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A Christmas Wish: that marketers ‘get’ the need for content promotion

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Imagine you had asked your ad agency to create a TV commercial for your latest product. But you hadn’t allocated funds for actually airing the commercial on the right TV channels. Would you expect your campaign to be the talk of the town? No, right? Then why should corporate marketers expect they can create great content and the world will just sort of, well, see it and engage with it? Content promotion is key in today’s communication landscape.

Right now, it’s the biggest challenge my agency faces: getting our clients to understand that creating content and placing it in an online context is just the beginning of thought leadership-style marketing. Because without proper content promotion your efforts are highly unlikely to pay off – and you may be left with a well-designed, but seldom-visited failure.

The corporate websites most traditional marketers have been working with during their careers, beyond “how should it look” and “what should we write”, have required heavy investment to build and populate with content pieces. But that’s where the work pretty much stopped. Promoting such sites has been largely about SEO/SEM techniques requiring a relatively low level of investment.

Stop right there. When it comes to content marketing, particularly for arms-length Voice of Industry (VOI) sites, the same mindset cannot be applied. Instead, VOI activities need to be viewed as a campaign designed to connect the market to you (and you to the market) – and campaigns require a decent promotional budget and on-going content creation resources or nothing will ever happen.

The positive difference between media spend on content marketing and media spend in connection with traditional advertising campaigns is the fact that, with content marketing, you’re building up a lasting asset that will continue to connect people to you for years to come. But you have to actively spend on content promotion for this to happen. If you don’t, you’re unlikely to tap the potential of this powerful new marketing approach.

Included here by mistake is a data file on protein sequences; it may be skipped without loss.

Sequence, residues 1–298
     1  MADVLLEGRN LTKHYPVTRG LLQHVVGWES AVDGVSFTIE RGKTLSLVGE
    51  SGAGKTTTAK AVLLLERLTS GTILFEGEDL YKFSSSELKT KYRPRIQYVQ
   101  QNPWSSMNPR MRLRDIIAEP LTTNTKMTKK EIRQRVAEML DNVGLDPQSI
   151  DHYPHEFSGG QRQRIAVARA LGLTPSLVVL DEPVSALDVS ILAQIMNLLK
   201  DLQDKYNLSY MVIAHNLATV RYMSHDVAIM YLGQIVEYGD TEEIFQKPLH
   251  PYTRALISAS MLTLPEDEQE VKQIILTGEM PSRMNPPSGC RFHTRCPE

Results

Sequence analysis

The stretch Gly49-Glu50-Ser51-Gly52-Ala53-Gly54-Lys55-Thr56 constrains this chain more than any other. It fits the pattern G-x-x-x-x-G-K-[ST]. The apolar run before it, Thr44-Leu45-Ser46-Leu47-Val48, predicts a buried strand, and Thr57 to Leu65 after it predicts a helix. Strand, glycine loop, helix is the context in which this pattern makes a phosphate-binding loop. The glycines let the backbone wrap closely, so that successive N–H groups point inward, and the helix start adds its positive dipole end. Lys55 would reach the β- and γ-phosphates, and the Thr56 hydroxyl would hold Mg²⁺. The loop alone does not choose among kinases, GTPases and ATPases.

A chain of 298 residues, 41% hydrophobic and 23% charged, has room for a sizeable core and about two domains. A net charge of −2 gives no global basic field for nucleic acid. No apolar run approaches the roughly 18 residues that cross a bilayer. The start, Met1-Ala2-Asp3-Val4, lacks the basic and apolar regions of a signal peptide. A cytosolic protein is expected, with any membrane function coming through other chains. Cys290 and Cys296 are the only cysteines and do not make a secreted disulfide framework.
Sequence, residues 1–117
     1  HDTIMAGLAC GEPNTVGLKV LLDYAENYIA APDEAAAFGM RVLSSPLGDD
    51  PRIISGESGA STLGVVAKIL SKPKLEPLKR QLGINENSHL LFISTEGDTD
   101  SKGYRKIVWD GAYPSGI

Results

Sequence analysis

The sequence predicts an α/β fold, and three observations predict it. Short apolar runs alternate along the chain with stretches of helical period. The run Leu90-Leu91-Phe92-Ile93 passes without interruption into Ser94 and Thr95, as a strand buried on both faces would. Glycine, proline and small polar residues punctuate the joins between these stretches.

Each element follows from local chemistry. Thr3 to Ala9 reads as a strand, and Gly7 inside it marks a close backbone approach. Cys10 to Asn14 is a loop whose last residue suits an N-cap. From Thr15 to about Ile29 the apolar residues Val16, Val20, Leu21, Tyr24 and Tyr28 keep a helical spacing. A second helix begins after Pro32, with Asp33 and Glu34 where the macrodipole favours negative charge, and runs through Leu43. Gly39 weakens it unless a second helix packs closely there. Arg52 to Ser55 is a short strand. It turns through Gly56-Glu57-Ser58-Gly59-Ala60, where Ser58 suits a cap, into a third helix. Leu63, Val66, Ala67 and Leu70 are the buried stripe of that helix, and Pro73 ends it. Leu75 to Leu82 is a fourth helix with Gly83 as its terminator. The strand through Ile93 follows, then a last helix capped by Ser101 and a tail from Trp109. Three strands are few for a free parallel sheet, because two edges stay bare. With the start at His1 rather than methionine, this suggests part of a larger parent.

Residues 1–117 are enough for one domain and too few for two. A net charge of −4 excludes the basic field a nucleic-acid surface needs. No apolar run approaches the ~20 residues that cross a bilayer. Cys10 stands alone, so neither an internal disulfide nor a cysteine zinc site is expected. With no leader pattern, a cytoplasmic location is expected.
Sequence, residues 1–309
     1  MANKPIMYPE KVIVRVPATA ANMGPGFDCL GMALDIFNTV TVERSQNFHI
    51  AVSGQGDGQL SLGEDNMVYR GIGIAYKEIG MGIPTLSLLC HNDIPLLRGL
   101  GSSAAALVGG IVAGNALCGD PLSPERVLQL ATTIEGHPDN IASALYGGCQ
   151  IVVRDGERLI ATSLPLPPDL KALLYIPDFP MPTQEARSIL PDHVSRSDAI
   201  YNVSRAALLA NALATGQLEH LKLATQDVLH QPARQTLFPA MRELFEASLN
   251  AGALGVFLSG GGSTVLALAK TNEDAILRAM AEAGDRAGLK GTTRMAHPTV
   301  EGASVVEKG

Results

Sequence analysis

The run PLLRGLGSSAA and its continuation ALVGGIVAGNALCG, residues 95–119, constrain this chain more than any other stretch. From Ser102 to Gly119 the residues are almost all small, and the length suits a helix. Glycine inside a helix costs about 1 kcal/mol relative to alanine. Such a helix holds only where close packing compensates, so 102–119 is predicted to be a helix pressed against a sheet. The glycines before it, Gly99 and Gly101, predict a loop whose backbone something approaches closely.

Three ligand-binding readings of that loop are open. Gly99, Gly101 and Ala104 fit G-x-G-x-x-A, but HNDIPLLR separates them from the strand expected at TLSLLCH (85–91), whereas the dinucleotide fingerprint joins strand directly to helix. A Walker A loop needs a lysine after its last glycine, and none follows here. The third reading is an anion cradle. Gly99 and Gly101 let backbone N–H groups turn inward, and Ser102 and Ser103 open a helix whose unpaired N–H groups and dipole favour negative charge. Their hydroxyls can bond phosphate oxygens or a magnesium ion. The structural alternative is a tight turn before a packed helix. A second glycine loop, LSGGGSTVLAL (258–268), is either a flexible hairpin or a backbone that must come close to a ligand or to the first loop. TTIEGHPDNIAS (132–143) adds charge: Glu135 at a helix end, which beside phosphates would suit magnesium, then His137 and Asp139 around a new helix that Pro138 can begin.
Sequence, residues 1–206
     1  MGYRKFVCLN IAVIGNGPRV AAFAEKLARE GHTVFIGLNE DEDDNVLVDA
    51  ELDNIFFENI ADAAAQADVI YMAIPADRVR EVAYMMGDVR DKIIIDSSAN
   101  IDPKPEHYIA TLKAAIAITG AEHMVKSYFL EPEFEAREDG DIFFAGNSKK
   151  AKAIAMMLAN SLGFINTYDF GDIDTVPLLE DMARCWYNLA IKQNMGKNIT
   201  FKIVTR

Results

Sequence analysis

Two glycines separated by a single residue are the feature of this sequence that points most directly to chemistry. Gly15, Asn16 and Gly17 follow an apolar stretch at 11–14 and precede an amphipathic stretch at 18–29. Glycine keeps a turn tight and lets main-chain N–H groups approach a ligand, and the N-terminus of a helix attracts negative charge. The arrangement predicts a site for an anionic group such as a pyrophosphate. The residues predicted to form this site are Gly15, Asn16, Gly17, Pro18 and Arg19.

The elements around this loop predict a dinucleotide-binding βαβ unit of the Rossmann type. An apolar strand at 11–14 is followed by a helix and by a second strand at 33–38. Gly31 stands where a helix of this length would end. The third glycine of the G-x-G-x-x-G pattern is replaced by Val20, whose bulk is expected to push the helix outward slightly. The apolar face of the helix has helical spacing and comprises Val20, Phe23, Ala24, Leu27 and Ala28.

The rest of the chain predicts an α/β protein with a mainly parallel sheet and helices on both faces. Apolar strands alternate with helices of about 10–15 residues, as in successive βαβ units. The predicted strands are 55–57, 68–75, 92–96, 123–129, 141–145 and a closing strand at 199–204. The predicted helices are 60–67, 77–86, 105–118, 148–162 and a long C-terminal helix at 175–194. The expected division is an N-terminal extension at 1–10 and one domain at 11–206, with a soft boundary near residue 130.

Here’s a rule of thumb based purely on a few years of experience with Voice of Industry sites: For every dollar (choose your currency) spent creating a site and its launch-point collection of content such as articles and videos, you need to spend an additional dollar on promotion activities (media spend) during the first year of operation.

You can spend less on content promotion, of course, but expect that to make a difference to the achievement of your KPIs. You might even get lucky and find that, due to the enthusiasm a VOI site can generate internally, your own sales force, email database and similar channels can create a decent level of success. But it would hardly be wise to count on that as a strategy. To stick with my opening analogy, would you expect your own people to promote a TV commercial to success just by sending it around their network?

What exactly does “media spend” or “promotional activities” encompass in a content marketing context? That’s the subject of my next blog but weigh in now with your comments – I’d love to hear your point of view.

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Jonathan Winch

Jonathan Winch

I’m Jonathan Winch, a partner at Copenhagen-based advertising agency Eye for Image and co-author of the book "The Death of Propaganda - B2B Buyer Behavior Has Changed. Now it's Your Turn". I've participated as a strategic and creative resource in the marketing and communication sphere for over 25 years, making contributions to the strategies and communications of companies of all sizes, the best known of which include Cisco, Hewlett-Packard, Danisco, GN ReSound, Hempel, Nokia Siemens Networks, LEGO, Coloplast, and Johnson & Johnson.

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